Could I get a literal translation please? It helps me understand how the French think with their idioms
Literally, "to each their tastes":
à = to
chacun = each
ses = their
goûts = tastes
These days native English speakers widely use 'their' to refer to a single subject whose gender is uncertain. In that case, the French use 'ses' instead of 'leurs' to modify a plural object.
When I took French in middle school, I remember "To each his own" being "À chacun son tour." Is that correct?
i checked in the web and it seems that
chacun son tour means `'wait your turn' or each in turn.
I was given the male voice and I could hear everything except "gouts". However, when I put my phone right next to my ear I could hear "gouts" softly but clearly. The audio could definitely be improved.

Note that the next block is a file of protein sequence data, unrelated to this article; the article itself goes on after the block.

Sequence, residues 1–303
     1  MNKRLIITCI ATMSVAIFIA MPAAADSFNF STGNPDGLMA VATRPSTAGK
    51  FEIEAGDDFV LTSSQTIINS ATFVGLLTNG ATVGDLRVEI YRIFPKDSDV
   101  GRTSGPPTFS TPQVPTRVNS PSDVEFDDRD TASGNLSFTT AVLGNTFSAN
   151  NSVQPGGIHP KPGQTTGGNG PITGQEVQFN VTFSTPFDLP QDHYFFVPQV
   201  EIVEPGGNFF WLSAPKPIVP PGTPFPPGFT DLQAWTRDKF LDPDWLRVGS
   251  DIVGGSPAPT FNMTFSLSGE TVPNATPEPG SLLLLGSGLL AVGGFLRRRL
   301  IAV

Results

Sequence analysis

Beatrix, me too, I always like this one, en español, also - cada loca con su tema- Literally, it is something like 'each crazy person has their theme' correct?
In Bengali it is something like "যার যার, তার তার" meaning "His his, whose whose".
Here in Slovakia we also say "Sto ľudí, sto chutí." which translates to A hundred people have a hundred tastes.
why in the multi choice they leave the "to" in French out but if you leave it out in the translation it is an error
Because there are two equally correct versions of this phrase in French: À chacun ses goûts and Chacun ses goûts. The different exercises use different versions. So, it depend on which version you are to translate. Perhaps it should be reported as a problem.
I get the meaning of it but the english translation sounds a bit off... I mean seriously how are we supposed to guess "To each his own"
It's a common English idiom. « À chacun ses goûts » means "To each (one) his/her/their tastes". It's only a tiny leap to get to "To each his own". You're also likely not to forget it now that you've got it wrong once.